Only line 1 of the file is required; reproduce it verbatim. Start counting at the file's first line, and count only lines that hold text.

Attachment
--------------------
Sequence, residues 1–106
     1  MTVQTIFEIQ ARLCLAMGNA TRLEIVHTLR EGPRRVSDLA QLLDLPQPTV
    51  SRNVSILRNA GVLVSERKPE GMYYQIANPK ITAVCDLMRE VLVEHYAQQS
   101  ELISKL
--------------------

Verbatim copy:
Sequence, residues 1–106